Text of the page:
13. Getting a Doctors appointment in some cities in the U.S is next to impossible. We tried for a Doctors appointment in Pennsylvania but most were booked for more than 3 months for new patients. Finally we ended up traveling to the next state where we got an opening for an appointment. The inference is that access to medical attention seems to be similar in India as well as the US for entirely different reasons.
  14. Guns are an important part of American culture; hence owning a gun is commonplace and so are news articles of a lone gun man shooting someone or ‘some’ people.
  15. Winter and snow can get very depressing after the initial novelty wears off, as the sky looks grey and the earth turns white; but spring and autumn are an entirely different story altogether as it becomes a riot of colors.
  16. Portion sizes are HUGE! The first time I ordered a Pepsi I felt I had to be extra careful with the cup least someone drowns in it! Another time I ordered a pork chop at a diner and got a chunk of meat as big as my thigh. I considered taking a cue from tigers and burying the meat and eating it for an entire month.
  17. In India trains are the cheapest and most reliable mode of transport and one can scale the entire country traveling only in trains. This is not the case in the United States; trains can be expensive – sometimes more expensive than flights. Also, trains have limited sleeping coaches/berths and most of the train would have sitting option only.
  18. Healthcare, even basic healthcare is costly for people without insurance (Obamacare might make some difference to this). Free or charitable programs are very few hence poor people face a number of problems to avail healthcare options. Some enroll themselves in drug trials to get a shot at medical care. Emergency care though is mandatory and free for all residents in the U.S.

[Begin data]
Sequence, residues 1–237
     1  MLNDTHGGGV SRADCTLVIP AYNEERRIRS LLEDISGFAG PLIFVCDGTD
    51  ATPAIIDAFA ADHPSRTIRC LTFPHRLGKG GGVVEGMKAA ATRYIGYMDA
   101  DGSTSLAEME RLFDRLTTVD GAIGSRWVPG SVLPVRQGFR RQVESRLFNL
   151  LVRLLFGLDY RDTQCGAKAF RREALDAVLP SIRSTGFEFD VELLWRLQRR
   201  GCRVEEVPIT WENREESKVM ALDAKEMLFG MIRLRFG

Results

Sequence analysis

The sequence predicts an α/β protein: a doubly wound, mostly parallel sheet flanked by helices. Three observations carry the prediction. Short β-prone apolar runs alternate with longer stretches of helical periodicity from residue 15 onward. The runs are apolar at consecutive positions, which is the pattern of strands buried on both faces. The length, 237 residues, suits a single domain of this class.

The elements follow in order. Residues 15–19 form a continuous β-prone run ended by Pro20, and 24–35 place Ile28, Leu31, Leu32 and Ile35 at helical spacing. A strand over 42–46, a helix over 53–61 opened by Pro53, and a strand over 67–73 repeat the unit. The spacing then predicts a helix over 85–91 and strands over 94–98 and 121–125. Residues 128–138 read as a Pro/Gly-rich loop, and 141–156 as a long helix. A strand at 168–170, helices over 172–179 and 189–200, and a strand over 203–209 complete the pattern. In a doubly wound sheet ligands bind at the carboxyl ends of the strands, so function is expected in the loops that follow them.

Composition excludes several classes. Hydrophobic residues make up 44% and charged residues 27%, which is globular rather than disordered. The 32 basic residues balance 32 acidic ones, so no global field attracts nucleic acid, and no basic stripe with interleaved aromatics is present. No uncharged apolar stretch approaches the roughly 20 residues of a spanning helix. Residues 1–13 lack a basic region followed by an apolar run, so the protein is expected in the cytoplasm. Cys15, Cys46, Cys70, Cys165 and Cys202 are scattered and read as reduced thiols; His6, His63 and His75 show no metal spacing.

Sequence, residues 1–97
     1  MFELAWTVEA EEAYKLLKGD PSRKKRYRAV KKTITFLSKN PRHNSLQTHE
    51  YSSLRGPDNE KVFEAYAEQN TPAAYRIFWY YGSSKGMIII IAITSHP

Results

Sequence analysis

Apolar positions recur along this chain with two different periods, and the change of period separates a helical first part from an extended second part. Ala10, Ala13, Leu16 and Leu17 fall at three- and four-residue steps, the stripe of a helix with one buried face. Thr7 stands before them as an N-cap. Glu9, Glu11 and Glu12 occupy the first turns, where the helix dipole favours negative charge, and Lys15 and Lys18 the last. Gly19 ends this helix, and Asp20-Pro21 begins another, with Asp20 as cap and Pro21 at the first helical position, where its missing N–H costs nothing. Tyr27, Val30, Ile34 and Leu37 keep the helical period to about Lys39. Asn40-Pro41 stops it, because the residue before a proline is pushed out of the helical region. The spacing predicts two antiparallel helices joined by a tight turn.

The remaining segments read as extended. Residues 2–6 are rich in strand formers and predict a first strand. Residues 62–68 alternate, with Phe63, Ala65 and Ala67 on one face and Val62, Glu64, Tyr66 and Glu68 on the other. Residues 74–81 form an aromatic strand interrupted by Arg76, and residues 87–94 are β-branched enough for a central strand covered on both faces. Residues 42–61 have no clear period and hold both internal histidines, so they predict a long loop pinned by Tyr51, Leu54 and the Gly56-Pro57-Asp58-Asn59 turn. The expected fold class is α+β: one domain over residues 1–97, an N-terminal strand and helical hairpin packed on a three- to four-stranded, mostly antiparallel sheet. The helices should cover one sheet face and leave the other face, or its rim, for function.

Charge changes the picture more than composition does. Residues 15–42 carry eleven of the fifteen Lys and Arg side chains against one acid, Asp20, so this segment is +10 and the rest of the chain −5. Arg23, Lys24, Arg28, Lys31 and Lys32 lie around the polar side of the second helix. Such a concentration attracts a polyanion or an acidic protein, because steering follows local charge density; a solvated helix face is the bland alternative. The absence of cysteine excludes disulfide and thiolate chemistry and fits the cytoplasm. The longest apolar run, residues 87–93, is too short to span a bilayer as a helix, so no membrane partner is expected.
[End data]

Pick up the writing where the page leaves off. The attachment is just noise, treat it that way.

19. Yes, there are homeless people and poor people in the U.S too, though lesser in number compared to India. I got to work and interact with some people at a rehabilitation center where I volunteered. It was a very enriching experience and it gave me an added perspective of the U.S and some of its underlying problems – it is not all glitz and glamour.
  20. The U.S is one of the only 4 countries along with Papua new Guinea where maternity leave is not mandatorily given to women. This along with having to wax legs at home because beauty parlours are expensive are just some of the problems women face in the U.S.

I had a great time traveling in the U.S and I was lucky to see many parts of this amazing country. Some of this is written as an attempt at wry humour and some of it is of course true. Anyone traveling to a new culture is bound to have some culture shock whether it is Indians visiting the U.S or Americans visiting India. I also believe that such culture shocks are what make travelling to a new country exciting.